IUT ReimsCould you explain – in just a few words – what the PEC (Packaging & Conditioning) technological degree is?

The PEC is a Packaging course in 2 years, leading to 2 options:

  • The “short studies” option: after 2 years, students have the possibility of getting in a professional degree – especially the CDIE (Conception, Industrial design & Packaging) one – which is a 3rd year mainly dedicated to the creation of volumes and graphic design specially adapted to a project’s packaging and production.
  • The “long studies” option: after 2 years, students can decide to continue with a 3-years course if they wish to get into the Packaging department of an engineering school.

A close relationship has existed for a long time between your Institute and our Council. In your opinion, what are the educational interests of the CNE’s missions and documents?                         

In the educational programme of our CDIE’s students, we have got used to including the CNE’s “Emballé 3.0” Contest. Indeed, the contest has – for this particular course – a great interest, since every year it offers different subjects and missions, and it deals with prospective issues. Thanks to this, our students can create and bring pragmatic solutions to simple problematics based on common sense and on the observation of the products and their use. It accustoms them to search for the information they need – especially in the CNE’s publications and documents. Furthermore, the CNE’s tools enable our students to integrate, in the packaging’s design, some restrictions linked to environment management, ergonomics, and sustainability.

Students can then fully integrate the concept of circular economy, and use it to extend material & products flows, throughout the pack’s lifecycle.

How can this be seen in your students’ daily education?

This contest is an interesting tool, because it is initiated neither by an industrial company nor by a manufacturer. Our students are allowed to be more creative; they can use materials of all sorts and plan their projects further on, since there are no imperatives to achieve it immediately. This does not restrain their researches, and thus they are able to project more positively in the future and to make suggestions that are more advanced and creatively-conducive.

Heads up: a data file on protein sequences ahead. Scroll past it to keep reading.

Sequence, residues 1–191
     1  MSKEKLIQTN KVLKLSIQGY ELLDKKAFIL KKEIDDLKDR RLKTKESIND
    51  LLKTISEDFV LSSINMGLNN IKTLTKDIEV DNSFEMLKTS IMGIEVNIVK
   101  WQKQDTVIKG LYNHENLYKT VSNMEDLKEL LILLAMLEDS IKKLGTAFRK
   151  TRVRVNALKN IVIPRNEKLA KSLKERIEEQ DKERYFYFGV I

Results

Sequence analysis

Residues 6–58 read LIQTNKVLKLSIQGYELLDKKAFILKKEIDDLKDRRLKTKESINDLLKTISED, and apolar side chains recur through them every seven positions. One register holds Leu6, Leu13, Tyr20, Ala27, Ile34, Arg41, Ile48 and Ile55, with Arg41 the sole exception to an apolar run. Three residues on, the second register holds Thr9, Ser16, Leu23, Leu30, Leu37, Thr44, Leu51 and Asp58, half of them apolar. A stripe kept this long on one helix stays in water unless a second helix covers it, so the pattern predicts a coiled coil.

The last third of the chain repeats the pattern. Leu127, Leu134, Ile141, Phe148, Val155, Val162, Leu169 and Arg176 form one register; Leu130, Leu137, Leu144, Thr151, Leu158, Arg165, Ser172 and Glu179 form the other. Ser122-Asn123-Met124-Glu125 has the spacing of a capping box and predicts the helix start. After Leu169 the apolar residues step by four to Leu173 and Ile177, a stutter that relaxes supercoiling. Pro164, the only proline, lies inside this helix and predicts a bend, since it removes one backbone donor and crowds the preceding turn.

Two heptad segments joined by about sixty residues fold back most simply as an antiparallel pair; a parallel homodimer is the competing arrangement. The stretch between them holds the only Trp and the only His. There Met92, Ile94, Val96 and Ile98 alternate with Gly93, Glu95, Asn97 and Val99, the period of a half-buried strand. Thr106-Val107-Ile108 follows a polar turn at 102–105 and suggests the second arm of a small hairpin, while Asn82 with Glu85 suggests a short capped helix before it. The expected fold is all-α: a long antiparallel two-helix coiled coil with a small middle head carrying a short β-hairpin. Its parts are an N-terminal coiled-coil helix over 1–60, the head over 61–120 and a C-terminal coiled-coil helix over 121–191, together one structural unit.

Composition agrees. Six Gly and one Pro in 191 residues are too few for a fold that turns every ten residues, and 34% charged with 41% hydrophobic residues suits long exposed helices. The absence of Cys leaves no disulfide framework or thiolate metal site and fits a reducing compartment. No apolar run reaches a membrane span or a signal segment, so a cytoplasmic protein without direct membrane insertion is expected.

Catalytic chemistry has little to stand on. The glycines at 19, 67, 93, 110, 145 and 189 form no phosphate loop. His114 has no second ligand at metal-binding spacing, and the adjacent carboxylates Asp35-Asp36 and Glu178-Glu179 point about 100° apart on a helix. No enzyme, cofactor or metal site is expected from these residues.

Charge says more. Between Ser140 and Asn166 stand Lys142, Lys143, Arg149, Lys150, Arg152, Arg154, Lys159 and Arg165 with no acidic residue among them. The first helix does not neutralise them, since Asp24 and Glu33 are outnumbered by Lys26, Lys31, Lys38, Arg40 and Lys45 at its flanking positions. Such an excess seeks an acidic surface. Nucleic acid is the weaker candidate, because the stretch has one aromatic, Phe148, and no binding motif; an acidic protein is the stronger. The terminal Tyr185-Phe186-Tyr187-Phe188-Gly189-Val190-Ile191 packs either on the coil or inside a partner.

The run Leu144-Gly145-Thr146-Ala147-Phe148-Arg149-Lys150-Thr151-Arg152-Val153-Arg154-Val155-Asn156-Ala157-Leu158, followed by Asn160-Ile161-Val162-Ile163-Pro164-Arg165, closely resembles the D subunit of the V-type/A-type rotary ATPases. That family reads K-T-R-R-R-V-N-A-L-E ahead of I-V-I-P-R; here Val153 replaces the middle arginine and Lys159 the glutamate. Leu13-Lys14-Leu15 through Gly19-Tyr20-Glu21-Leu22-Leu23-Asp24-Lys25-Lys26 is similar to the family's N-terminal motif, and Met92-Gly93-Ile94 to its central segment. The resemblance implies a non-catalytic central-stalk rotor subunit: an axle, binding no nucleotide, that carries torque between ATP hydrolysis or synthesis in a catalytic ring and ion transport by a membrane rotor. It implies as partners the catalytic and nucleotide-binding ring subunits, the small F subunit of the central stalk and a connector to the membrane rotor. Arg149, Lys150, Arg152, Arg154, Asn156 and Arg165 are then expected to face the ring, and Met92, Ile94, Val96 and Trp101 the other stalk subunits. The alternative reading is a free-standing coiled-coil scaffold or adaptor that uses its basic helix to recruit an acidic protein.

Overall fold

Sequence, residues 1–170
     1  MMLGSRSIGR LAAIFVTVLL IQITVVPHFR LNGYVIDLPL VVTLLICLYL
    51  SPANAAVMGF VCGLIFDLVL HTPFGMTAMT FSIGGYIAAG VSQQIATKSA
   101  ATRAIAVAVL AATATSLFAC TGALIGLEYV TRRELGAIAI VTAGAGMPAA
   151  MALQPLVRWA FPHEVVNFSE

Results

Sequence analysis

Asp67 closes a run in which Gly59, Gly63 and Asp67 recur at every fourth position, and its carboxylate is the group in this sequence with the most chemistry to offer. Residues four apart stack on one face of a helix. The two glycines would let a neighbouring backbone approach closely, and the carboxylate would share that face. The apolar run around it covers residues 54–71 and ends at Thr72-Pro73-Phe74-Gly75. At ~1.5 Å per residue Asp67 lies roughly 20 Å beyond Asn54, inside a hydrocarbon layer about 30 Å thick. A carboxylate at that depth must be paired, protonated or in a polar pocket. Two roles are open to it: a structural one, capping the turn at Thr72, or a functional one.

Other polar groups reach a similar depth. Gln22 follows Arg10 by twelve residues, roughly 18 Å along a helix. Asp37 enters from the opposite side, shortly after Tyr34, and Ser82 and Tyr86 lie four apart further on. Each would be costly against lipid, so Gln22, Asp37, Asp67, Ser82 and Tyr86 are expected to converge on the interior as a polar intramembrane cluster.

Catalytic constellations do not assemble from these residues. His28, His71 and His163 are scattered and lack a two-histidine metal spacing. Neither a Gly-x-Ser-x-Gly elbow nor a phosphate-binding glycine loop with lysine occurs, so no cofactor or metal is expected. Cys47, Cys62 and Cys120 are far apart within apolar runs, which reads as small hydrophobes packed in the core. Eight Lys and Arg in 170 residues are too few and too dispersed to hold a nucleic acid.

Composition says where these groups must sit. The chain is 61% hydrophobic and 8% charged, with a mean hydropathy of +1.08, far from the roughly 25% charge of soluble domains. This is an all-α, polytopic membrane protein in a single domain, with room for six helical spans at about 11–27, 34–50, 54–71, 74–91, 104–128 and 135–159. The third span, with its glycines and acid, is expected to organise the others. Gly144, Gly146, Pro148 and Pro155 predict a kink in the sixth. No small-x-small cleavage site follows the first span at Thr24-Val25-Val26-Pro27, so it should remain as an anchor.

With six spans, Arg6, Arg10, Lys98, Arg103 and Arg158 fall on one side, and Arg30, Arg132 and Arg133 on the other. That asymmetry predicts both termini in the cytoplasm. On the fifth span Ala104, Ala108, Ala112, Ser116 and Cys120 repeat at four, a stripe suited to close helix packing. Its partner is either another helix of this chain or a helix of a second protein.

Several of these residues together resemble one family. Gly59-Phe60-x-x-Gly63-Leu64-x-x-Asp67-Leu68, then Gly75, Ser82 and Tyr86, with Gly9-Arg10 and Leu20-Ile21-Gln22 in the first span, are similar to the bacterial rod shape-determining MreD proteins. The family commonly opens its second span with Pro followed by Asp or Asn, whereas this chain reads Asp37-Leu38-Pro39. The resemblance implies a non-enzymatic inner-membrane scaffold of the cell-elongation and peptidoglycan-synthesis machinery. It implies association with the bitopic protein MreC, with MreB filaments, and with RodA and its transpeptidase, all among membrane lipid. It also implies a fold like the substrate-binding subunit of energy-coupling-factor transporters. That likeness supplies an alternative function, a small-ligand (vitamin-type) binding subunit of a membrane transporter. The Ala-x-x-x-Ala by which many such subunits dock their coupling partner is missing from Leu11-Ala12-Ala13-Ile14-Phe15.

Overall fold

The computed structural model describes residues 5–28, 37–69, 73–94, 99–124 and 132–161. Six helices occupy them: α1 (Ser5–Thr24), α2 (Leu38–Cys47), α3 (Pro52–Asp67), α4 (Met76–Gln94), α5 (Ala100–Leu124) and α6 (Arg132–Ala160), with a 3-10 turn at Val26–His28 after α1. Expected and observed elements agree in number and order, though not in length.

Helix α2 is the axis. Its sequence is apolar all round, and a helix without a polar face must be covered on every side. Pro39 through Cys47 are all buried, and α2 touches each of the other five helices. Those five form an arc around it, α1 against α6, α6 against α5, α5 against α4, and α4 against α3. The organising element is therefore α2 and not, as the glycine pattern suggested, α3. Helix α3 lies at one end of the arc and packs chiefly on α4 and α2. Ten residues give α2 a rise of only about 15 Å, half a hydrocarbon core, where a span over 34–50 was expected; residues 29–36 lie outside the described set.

Your Institute has been faithful to the “Emballé 3.0” Contest since the beginning. Could you shortly describe the interest that both your students and the teaching staff have for it?

This CNE-initiated Contest is now well known among our students. They eagerly wait for it, because it is different from their other projects. The interesting thing is that the Contest requires an actual proposition, but is still based on intention. Thus, it is less demanding when it comes to making models, prototypes and real products. These conditions allow our students to imagine solutions without being restricted by imperatives of real production, and they can project into future developments.

This contest’s frame – following the CNE’s recommendations – directs the projects so they are consistent with eco-design. It demands a greater attention to the respect for nature, and to include concepts such as carbon footprint, practicality, use function, and what the consumer get from it. This helps our students realizing how necessary it is to include all these parameters. It allows them to take into account all these notions, and to apply them afterwards in other projects. On the long run, they become part of their priorities as packaging designers.

The Reims IUT has finally won the “Emballé 3.0” Contest in February 2017. Does this result encourage you to get even more involved with the CNE?

Of course. The Packaging department and its students had often been among the finalists, but had never won until now. They will be very eager to take up the challenge and repeat this win.

In 2017, the Contest has been modified thanks to the input of the partner schools. As the 2017 Gold Winner, do you have any suggestions to improve this Contest and its aims even more?

We think the changes made in 2017 – especially the use of a mentoring system – have brought a lot when it comes to proximity between the CNE and the students.

Having someone who challenges the project and brings a new vision about it, before producing the last proposition, allows the students to analyse their project’s strengths and weaknesses; and thus to turn it into something even more relevant.

Beyond the Contest in itself, do you have any suggestions to strengthen the links between the CNE and education?

As far as we are concerned, it would be interesting for the Contest to be integrated earlier in our schedule. That way, the students would be able to assimilate the legitimacy of the CNE’s values, and thus apply them more quickly to the different projects offered.

Apr 2017

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